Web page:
Health & Wellness
Education, a proven remedy for some serious health issues.
Teaching children important health lessons is a critical part of Sesame Street in the U.S. and around the world. Through innovative health education programs, we’re addressing issues like the stigma of HIV/AIDS in South Africa; malaria in Tanzania; childhood obesity in the U.S., Mexico, and Colombia; and flu transmission around the world. As research shows, programs like these may be just the right prescription for giving children a healthy start in life.
Developing healthy habits
Our Healthy Habits for Life program to combat childhood obesity is having a healthy impact through educational messages within the show, as well as a comprehensive outreach effort. Several studies make it clear that our popular characters have a significant impact on children choosing one food over another. In fact, research with U.S. kids shows that when a healthy food is promoted by a Sesame character, children eat 31% more of it than when it’s promoted by an unknown character.1 An earlier study suggested that when Elmo promotes broccoli, children’s interest in eating broccoli over chocolate increases by 127%.2 A study in Mexico found a similar connection: Pairing healthy food with a Sesame character increases children’s likelihood of choosing it over unhealthy food by 10%.3
Clearly, the Sesame Street Muppets can be a powerful force for healthy eating. It’s no surprise then that our Healthy Habits for Life efforts are paying off. When using our kits, almost all childcare providers (98%!) report children making improved food choices, such as eating more fruits and vegetables.4 And the message hits home, too: families report a much greater willingness to incorporate healthy foods in their diet—products such as fruits, vegetables, whole grains, and lower-fat milk see increases as high as 18%.5 Thanks to the program, caregivers and parents spontaneously mention making better food choices as an example to their children.4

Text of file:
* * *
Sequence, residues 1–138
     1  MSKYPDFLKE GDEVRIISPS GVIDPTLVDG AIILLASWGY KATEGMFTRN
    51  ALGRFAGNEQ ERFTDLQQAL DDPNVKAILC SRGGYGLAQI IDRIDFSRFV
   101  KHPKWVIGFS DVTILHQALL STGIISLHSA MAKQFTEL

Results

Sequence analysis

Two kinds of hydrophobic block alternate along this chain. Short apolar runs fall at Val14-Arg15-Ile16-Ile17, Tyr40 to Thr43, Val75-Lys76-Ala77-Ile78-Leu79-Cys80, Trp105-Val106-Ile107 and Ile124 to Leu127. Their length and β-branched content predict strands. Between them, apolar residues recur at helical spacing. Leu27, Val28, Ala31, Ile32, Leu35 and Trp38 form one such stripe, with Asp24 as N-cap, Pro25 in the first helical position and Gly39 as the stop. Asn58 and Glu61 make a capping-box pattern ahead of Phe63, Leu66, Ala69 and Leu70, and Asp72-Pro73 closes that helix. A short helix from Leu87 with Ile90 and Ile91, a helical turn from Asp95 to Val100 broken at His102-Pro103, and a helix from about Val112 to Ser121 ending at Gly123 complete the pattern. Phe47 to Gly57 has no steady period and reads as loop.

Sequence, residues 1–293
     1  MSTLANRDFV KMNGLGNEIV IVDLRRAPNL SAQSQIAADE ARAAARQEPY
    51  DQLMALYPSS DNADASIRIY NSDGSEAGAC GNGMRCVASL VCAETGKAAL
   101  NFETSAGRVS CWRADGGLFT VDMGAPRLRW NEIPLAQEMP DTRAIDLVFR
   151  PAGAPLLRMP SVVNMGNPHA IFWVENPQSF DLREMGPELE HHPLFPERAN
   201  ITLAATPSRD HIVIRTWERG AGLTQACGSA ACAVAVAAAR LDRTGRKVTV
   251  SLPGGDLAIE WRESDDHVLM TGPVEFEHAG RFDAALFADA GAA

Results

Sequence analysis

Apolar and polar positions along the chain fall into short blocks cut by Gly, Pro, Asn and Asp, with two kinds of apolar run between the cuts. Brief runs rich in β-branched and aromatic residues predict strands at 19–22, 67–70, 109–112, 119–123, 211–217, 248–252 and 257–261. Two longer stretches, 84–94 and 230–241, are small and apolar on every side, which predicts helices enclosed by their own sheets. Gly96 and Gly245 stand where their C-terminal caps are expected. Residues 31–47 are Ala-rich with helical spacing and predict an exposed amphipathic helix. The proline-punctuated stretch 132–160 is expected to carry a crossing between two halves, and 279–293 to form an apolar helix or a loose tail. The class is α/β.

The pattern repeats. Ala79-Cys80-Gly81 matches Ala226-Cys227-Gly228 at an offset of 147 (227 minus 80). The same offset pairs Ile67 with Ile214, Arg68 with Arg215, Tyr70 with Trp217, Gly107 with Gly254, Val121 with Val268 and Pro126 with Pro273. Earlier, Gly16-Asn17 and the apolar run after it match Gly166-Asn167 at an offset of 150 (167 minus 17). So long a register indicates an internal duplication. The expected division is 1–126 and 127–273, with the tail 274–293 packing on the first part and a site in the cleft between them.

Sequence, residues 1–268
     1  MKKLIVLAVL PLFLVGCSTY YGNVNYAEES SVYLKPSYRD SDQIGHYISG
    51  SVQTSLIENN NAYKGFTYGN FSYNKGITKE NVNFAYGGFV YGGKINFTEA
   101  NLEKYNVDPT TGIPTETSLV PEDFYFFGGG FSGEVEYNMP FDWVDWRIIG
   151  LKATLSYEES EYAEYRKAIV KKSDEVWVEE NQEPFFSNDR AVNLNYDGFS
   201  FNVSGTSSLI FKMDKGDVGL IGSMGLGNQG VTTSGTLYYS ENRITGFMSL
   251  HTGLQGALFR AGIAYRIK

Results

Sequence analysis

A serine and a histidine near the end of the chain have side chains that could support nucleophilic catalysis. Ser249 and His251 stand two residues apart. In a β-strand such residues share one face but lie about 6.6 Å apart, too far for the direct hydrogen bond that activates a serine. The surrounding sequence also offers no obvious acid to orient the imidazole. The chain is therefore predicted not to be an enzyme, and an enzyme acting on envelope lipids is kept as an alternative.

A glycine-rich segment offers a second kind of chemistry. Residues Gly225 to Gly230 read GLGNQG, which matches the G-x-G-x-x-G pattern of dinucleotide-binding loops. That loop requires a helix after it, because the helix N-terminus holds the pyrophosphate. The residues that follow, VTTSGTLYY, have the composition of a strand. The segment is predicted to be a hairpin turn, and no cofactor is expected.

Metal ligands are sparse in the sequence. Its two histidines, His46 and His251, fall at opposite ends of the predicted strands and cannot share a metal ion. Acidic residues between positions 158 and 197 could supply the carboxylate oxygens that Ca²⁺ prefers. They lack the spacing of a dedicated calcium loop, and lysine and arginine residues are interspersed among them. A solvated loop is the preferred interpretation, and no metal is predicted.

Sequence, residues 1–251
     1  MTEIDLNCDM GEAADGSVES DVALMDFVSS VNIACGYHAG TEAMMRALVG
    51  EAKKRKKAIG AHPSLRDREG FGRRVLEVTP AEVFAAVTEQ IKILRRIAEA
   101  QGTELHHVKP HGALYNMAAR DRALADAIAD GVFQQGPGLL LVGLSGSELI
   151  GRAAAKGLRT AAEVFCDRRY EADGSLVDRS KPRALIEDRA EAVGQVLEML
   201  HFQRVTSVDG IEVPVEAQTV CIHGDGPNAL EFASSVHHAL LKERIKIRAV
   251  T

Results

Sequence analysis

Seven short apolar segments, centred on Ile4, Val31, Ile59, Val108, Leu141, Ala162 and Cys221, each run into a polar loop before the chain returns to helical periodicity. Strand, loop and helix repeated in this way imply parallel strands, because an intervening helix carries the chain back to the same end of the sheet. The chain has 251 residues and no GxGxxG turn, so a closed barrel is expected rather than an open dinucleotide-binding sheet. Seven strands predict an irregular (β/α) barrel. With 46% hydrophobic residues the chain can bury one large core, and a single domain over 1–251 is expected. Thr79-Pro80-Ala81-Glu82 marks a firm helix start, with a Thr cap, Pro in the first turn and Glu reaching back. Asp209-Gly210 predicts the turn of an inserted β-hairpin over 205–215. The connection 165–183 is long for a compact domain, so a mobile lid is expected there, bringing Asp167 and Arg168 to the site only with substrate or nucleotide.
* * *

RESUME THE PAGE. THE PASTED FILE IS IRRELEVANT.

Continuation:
Similar efforts are paying off in Latin America, where Colombian children saw a 15% improvement in knowledge, attitudes, and habits related to healthy nutrition and active lifestyle after an 8-month outreach intervention.6Meanwhile in Mexico, the vast majority of families (68%) using our local Healthy Habits outreach materials report positive changes in their children’s nutrition and hygiene habits. Same with teachers: as many as 71% of teachers report that the Healthy Habits materials help their students learn healthy lessons.3
HIV/AIDS prevention and awareness
In Africa, where we’ve made HIV/AIDS education a critical part of our curriculum, our efforts are playing a crucial role in the fight against the dreaded disease. Children exposed to Takalani Sesame, South Africa’s local version ofSesame Street, show measurable gains in HIV/AIDS knowledge and attitudes, including basic knowledge of the disease, blood safety, de-stigmatization, and coping with illness. Those children are four times more likely to have some knowledge of HIV/AIDS, while their attitude toward destigmatization of the disease improves fivefold compared to those who are not exposed.7 At the same time, parents and caregivers who viewed Takalani Sesame’s companion television special, “Talk to Me,” were twice as likely to talk with their children about HIV than those who had not watched.8 And Takalani’s impact goes beyond preschoolers, confirmed by a national survey of HIV prevalence, incidence, behavior, and communication commissioned by the Nelson Mandela Foundation. The survey concludes that “although Takalani Sesame is primarily a children’s programme, it achieves high awareness across all age groups.”9